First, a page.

Je suis Charlie?

je suis charlie

Its been a dramatic few weeks. First, I learned from a friend that there was a dramatic tram accident just three hours before I left Dijon to travel home on the 19th of December. Two days after arriving chez moi, I learn that there has been a car attack injuring 11 people right in the centre of Dijon where I am almost every day. This was following a knife attack on police officers just hours before in Joue-Les-Tours. With the culmination of all these events, I started to think about violence and peoples’ reactions to it.

What has surprised me most, however, has been the reactions of people. On Wednesday evening I was sat eating in a restaurant in Dijon city centre with my friend and, as we sat in peace tucking into our steaks, 5000 people were gathered in the  square just metres away from us, uniting in solidarity against this tragic act of violence and showing their support. This is magnificent, and I am in awe at how France and its citizens are taking a stand. A day after just missing being part of the rally, I went to my friends residence for dinner. Outside her building was an electronic plaque which read ‘Je suis Charlie’. Inside, I noticed three doors with pieces of paper on which was scrawled the same thing: ‘Je suis Charlie’. They are referring to Charlie Hebdo, the company which issues the satirical weekly newspaper that came under attack on January 7th, and ‘Je suis Charlie’ is a powerful way of saying ‘we are all Charlie, we all have the right to free speech and violence is never warranted’.

So far, so good. But what I fear will happen is that Je suis Charlie will just become one of those meaningless, cool things people say for weeks before it dies out as a trend. Like that time when cancer became cool and people posted no makeup selfies to show their support but some didn’t even donate. I’ve looked at Charlie Hebdo, and the publication itself was nothing special. It wasn’t revolutionary or brilliant writing. However, what is brilliant is the complete backlash against violence that has been happening world wide. But what is the good in holding up ‘Je suis Charlie’ signs as part of a cultural fad and putting the writers of the publication on a pedestal and painting an image of them as heroes? The issue is that it shouldn’t have to be the case that the victims are portrayed as saints in order for the outcry against violence to be justified. Violence is wrong- yes. The Charlie Hebdo staff were martyrs? No.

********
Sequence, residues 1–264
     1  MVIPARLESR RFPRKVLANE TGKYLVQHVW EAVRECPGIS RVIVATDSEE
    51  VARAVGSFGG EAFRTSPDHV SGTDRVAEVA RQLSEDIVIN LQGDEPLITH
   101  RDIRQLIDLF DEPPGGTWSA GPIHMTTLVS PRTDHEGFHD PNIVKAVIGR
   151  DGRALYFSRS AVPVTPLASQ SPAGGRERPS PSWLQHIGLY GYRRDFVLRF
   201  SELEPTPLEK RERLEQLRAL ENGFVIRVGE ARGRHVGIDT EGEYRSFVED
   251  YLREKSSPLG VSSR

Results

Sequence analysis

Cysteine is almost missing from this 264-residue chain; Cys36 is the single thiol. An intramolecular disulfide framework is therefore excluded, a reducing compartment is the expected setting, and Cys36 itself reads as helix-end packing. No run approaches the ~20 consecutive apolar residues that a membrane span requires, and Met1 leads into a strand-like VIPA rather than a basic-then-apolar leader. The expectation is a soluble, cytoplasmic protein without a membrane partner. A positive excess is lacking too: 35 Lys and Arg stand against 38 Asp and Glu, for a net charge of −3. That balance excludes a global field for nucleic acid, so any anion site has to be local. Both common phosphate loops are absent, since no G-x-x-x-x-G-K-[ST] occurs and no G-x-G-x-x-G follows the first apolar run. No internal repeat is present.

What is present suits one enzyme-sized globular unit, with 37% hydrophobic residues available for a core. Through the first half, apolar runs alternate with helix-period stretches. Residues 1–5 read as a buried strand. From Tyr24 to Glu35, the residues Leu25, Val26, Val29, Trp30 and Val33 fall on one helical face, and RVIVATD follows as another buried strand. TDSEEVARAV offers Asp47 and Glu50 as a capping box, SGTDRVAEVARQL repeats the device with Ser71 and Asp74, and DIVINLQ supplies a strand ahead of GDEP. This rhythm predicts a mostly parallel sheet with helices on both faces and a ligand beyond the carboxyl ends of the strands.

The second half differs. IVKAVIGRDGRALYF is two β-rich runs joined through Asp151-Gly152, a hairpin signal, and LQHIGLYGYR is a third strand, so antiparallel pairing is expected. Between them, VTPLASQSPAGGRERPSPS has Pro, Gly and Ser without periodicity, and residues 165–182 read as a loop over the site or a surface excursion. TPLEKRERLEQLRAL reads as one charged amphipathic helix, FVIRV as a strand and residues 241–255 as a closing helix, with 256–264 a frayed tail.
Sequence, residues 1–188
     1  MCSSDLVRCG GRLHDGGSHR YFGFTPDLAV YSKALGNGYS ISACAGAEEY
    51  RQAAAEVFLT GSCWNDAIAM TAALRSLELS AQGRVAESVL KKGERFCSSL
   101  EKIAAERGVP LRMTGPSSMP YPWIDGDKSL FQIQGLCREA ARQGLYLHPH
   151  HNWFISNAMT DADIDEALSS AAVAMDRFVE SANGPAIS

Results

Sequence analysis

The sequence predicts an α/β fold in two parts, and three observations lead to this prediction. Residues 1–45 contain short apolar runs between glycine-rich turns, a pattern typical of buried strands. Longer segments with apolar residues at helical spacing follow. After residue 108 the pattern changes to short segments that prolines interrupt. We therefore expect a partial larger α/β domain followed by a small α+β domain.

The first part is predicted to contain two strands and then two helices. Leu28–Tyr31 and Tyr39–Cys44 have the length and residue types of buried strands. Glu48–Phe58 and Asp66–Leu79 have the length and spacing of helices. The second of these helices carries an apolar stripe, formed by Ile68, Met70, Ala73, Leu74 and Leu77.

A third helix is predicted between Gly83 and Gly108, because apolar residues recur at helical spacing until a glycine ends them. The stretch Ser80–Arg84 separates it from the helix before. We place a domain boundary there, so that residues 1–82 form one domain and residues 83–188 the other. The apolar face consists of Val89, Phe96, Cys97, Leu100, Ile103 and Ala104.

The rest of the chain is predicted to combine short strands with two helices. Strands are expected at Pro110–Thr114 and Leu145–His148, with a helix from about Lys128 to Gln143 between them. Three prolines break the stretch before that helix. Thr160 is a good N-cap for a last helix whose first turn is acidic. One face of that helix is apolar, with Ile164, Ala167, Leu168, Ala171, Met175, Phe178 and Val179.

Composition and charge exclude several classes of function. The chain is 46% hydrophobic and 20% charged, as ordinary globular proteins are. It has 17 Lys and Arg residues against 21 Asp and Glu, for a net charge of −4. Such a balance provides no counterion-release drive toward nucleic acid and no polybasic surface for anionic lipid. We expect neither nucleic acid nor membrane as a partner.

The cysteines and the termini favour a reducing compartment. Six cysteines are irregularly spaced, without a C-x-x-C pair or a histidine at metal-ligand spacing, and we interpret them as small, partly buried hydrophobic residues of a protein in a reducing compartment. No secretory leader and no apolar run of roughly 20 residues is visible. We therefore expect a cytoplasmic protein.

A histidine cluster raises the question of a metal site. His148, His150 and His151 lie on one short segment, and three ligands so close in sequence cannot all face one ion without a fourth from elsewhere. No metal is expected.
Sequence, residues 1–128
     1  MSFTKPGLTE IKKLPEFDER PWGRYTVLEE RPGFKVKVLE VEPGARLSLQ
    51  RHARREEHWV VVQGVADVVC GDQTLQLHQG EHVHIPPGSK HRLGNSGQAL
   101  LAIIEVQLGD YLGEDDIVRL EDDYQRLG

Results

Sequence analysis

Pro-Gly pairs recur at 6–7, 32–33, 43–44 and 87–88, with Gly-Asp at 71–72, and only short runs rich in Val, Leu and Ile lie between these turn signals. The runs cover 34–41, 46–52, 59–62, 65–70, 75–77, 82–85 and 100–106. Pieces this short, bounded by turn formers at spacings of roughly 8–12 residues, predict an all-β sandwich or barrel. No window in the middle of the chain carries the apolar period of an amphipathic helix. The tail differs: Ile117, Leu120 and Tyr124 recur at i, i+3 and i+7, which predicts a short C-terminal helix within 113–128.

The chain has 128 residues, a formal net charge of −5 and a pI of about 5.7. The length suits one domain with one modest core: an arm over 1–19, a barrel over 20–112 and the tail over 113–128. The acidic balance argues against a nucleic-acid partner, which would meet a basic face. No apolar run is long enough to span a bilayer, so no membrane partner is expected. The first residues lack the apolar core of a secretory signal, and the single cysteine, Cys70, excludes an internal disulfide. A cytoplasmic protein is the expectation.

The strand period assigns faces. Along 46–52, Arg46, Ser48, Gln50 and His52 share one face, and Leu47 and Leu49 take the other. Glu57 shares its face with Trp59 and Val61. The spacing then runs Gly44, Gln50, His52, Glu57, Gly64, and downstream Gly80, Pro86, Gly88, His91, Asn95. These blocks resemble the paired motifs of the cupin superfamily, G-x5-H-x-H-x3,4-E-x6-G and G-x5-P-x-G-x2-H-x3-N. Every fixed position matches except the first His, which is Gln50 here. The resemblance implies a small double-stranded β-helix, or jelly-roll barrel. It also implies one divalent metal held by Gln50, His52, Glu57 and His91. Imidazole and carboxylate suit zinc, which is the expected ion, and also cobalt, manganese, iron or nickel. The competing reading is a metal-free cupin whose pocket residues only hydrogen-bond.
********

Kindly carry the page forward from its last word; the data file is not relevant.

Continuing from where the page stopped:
People have started using racist images of Middle Easterners as their profile pictures in order to show their support of free speech, and any Muslim who dares protest against this is just another terrorist backing nutcase. Throwing a bunch of people together and labelling them all terrorists because of an attack isn’t really promoting freedom, is it? Say Je suis Charlie to show you care about this terrible incident and death by violence, but defending racism through this slogan is just another act of violence.